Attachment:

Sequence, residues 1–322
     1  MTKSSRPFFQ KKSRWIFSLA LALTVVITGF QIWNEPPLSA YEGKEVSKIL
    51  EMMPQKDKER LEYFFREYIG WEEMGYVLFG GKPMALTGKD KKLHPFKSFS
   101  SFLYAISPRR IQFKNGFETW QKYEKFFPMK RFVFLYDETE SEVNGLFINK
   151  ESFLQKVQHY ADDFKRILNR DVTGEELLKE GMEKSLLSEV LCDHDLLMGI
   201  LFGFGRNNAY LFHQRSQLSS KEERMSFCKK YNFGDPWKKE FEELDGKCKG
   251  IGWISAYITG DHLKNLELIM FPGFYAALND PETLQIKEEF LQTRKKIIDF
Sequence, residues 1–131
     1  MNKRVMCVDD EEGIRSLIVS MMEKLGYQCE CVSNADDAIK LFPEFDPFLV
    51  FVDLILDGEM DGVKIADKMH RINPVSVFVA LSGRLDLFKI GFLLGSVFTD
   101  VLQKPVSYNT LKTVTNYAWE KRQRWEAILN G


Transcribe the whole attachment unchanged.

Sequence, residues 1–322
     1  MTKSSRPFFQ KKSRWIFSLA LALTVVITGF QIWNEPPLSA YEGKEVSKIL
    51  EMMPQKDKER LEYFFREYIG WEEMGYVLFG GKPMALTGKD KKLHPFKSFS
   101  SFLYAISPRR IQFKNGFETW QKYEKFFPMK RFVFLYDETE SEVNGLFINK
   151  ESFLQKVQHY ADDFKRILNR DVTGEELLKE GMEKSLLSEV LCDHDLLMGI
   201  LFGFGRNNAY LFHQRSQLSS KEERMSFCKK YNFGDPWKKE FEELDGKCKG
   251  IGWISAYITG DHLKNLELIM FPGFYAALND PETLQIKEEF LQTRKKIIDF
Sequence, residues 1–131
     1  MNKRVMCVDD EEGIRSLIVS MMEKLGYQCE CVSNADDAIK LFPEFDPFLV
    51  FVDLILDGEM DGVKIADKMH RINPVSVFVA LSGRLDLFKI GFLLGSVFTD
   101  VLQKPVSYNT LKTVTNYAWE KRQRWEAILN G